Pink mist curls through this hugely atmospheric and affecting verse-drama as a haunting symbol of the gulf between being and nothingness. How to cope when a loved one dies: goes "from being there to not", vanishes into "a fine spray of pink, a delicate mist"?
This slim book grapples powerfully with the weightiest themes of life and death, hitherto explored in myriad forms by versatile poet and novelist Owen Sheers. Here, three schoolfriends from Bristol, teenagers Arthur, Hads and Taff, enlist as soldiers and are deployed to Afghanistan. Their suffering is refracted through their perspectives and their loved ones' – a mother, wife, and girlfriend – in a compelling chorus of voices.
Tugging at the heartstrings is the theme of home: the desire to leave and the impossibility of returning psychologically, even when physical return becomes necessary. A poignant mood of departure opens the narrative: "Not going someplace but leaving somewhere./ Getting out, moving on, away from here". But when the soldiers try "to come home proper from the war", it is difficult. They have irrevocably changed. Actual homelessness is the fate of Taff, able to accept help only after "a thinning of that thickened skin".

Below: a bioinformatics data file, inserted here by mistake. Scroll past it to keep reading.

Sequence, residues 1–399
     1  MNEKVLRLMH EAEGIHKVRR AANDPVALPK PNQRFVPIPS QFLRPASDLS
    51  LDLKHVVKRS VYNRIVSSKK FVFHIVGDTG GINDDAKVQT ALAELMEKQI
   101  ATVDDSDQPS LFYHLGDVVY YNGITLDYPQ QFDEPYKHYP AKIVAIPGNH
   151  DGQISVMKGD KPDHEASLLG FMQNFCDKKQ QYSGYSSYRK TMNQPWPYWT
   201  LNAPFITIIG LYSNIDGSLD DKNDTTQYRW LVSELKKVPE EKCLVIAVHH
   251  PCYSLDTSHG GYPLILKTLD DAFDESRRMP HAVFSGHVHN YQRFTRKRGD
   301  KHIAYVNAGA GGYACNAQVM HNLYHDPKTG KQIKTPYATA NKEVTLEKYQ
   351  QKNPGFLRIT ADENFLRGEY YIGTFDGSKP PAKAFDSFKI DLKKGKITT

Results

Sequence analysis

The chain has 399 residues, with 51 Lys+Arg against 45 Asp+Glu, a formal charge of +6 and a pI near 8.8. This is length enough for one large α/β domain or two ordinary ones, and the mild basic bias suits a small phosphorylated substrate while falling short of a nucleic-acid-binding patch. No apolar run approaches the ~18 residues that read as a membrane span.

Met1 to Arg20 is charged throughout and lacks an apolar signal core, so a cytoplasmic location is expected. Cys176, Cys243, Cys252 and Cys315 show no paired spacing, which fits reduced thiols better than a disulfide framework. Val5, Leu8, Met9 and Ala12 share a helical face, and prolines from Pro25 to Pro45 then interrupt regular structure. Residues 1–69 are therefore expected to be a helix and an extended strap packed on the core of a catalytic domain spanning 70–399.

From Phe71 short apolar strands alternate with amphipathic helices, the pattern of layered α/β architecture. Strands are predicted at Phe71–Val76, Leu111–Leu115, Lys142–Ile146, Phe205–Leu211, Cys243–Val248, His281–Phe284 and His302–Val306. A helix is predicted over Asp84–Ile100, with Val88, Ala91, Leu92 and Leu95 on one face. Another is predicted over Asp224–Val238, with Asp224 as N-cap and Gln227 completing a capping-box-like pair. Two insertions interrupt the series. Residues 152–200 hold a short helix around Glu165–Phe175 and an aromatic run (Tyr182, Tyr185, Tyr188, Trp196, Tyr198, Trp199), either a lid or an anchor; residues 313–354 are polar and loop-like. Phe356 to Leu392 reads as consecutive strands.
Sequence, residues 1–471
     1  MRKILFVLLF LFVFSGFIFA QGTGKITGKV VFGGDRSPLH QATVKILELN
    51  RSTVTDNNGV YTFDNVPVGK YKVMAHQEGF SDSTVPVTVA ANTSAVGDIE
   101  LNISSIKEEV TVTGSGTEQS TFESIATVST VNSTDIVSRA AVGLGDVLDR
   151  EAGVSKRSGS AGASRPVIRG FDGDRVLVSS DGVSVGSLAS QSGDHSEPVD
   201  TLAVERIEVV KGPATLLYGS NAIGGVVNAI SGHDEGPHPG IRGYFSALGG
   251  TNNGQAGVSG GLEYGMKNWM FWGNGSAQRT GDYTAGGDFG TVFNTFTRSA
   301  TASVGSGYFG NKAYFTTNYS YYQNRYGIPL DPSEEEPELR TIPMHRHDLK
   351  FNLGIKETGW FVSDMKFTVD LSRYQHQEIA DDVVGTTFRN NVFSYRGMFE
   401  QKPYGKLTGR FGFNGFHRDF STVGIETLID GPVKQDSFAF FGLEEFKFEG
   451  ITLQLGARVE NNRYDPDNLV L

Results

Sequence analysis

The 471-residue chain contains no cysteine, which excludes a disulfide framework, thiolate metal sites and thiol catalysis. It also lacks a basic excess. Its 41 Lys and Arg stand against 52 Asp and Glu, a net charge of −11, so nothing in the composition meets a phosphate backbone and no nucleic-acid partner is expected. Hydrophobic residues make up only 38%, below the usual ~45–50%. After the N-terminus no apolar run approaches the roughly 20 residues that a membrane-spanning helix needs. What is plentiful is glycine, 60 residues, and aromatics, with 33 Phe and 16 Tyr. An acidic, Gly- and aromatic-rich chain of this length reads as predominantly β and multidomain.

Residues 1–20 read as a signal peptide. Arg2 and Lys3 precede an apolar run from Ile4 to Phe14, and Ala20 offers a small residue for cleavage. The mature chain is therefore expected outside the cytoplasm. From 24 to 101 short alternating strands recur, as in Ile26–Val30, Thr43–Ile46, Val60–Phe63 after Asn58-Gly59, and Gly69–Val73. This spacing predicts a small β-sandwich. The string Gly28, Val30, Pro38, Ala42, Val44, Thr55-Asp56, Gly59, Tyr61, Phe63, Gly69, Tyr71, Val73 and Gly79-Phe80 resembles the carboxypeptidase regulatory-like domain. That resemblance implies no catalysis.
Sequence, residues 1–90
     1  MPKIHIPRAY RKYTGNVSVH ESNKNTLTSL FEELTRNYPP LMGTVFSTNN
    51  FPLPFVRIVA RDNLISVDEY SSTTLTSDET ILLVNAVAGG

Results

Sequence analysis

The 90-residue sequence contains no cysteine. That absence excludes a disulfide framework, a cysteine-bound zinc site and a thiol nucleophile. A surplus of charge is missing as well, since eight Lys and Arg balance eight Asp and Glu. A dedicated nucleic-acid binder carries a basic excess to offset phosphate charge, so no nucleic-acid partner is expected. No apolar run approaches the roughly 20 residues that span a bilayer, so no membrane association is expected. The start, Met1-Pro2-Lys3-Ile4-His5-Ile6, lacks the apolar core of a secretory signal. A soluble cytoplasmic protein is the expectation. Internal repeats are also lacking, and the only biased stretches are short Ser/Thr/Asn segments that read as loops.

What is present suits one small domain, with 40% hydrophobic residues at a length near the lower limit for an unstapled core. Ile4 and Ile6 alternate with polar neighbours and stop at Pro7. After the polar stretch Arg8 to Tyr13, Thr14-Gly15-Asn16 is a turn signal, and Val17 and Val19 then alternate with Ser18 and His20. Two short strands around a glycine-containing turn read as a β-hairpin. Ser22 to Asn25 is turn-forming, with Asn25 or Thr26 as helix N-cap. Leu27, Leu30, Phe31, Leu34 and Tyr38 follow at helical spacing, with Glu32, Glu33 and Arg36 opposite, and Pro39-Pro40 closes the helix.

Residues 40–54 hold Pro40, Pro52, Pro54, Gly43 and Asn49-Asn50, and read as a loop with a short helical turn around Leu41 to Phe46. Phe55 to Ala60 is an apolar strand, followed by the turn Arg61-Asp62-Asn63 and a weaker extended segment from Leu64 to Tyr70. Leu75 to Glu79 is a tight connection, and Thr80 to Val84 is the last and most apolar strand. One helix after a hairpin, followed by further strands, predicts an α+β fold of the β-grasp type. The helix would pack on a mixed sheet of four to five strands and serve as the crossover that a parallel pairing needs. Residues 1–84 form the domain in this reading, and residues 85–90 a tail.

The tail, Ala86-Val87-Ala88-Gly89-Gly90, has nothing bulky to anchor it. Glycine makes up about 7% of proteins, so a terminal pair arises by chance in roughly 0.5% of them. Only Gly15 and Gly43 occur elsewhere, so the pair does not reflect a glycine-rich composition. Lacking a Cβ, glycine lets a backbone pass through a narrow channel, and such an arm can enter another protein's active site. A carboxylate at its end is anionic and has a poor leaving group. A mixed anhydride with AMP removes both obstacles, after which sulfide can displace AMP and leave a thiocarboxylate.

Sheers probes pain, perceptively questioning the extent to which physical and psychological damage can be healed: "The burns, the hallucinations, even his back/ All that healed… But something else had been hurt/ something the surgeons couldn't reach".
Drawing on interviews with soldiers and their families, interweaving medieval Welsh poetry, Pink Mist reveals the power of the poetic narrative to go far beyond news headlines in conveying the devastating effects of warfare.
Amid the suffering, hope remains, as the crippled Hads resolves to "make the living I'd got left worthwhile". After all, "you have to try and count the blessing, not the curse". Masterfully controlling rhyme and rhythm, Sheers tunnels through the darkness to display the triumph of love and language over violence and silence.
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